Science Insurance instead of Precautionary Principle

Perhaps we should have "science insurance", instead of the "Precautionary Principle".

"You want to do a nuclear fission chain reaction experiment - but you don't think it will *really* destroy the world? OK, we set the potential damages at $1 x 10^16, and an independent panel of experts reviewing your research sets the probability that you are incorrect at around 1 x 10^-8 - so pay $100 million up front."

"No refunds if you're correct - the money will be spent on amelioration (e.g. efforts to get humanity off the planet)."

"Your biological experiment would only cause $1 x 10^12 in damages? We agree with your projection of 99.9999% certainty it won't. So pay $1 million and go ahead."

"What's that? You say you can add some controls that will reduce the chance from 1 in a million to 1 in a hundred million? OK, if you can do that, the cost drops to $20,000. Why not $10,000? You should have come up with better safety controls before bringing your research to the insurance board - now we have to review your proposal again."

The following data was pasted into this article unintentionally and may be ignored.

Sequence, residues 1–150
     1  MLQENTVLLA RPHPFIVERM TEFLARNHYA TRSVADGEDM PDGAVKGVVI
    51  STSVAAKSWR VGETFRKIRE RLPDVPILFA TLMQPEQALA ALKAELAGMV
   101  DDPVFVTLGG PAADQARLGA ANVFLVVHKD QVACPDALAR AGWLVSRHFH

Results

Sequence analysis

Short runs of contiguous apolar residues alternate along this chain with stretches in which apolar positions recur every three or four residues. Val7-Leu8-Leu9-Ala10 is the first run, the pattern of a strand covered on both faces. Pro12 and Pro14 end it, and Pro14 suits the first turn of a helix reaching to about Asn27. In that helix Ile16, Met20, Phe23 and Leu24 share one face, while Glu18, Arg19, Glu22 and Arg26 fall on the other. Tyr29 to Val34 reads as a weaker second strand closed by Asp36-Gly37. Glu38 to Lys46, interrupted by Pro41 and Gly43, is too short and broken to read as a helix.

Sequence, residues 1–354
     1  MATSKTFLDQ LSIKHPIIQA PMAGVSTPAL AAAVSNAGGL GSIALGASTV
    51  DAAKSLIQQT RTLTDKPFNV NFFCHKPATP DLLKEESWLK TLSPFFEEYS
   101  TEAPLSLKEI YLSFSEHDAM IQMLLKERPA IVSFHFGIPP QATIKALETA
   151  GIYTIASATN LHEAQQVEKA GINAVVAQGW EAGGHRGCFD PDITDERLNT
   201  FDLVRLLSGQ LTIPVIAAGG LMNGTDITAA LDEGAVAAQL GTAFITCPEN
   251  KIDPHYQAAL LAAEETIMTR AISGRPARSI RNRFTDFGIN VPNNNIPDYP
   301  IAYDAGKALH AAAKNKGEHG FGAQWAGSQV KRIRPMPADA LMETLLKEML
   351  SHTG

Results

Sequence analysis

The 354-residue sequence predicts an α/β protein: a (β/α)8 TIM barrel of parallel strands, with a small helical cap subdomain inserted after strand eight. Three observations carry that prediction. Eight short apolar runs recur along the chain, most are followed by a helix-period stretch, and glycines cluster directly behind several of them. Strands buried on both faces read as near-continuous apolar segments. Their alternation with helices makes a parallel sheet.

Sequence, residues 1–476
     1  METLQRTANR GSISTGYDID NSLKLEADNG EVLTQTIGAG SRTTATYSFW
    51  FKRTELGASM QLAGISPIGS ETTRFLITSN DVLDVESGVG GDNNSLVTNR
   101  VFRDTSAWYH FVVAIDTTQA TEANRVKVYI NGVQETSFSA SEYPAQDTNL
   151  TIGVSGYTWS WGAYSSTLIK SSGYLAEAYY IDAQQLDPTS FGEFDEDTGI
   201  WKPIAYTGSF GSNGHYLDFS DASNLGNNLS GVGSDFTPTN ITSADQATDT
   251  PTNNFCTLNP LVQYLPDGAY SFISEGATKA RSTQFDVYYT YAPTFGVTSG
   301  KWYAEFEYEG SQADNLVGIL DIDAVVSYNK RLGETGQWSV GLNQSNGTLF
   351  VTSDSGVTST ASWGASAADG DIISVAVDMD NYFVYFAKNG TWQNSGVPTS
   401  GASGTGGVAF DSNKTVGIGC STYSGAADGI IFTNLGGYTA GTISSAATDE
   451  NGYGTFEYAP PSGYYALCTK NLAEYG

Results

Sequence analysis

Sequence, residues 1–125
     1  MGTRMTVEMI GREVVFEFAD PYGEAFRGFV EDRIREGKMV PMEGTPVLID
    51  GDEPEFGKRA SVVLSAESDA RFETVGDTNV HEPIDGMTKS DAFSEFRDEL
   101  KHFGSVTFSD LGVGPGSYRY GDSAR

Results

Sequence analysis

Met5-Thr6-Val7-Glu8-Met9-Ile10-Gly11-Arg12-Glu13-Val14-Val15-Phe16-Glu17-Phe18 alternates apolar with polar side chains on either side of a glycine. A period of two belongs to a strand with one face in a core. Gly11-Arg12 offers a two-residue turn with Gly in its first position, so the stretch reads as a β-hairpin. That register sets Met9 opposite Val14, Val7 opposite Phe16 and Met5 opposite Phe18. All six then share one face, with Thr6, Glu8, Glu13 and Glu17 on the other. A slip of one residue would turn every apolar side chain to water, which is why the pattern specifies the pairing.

There should also be rewards for reducing risks.

"You want to set up an asteroid monitoring program that reduces the chance of an asteroid destroying all human life on Earth by 90%, by giving us 20 years warning to do something about it? OK, we calculate that to be worth $1 x 10^9 a year, except that 90% of that value is already provided by various efforts we're funding to get humanity off the planet and in a position to do something about asteroids. So you get $100M a year."


Popular posts from this blog

Could a Minimum Income Cryptocurrency Nuke Bitcoin?

Proposed Presidential Vision and Plan for NASA

Cellular Mars Bio-bubbles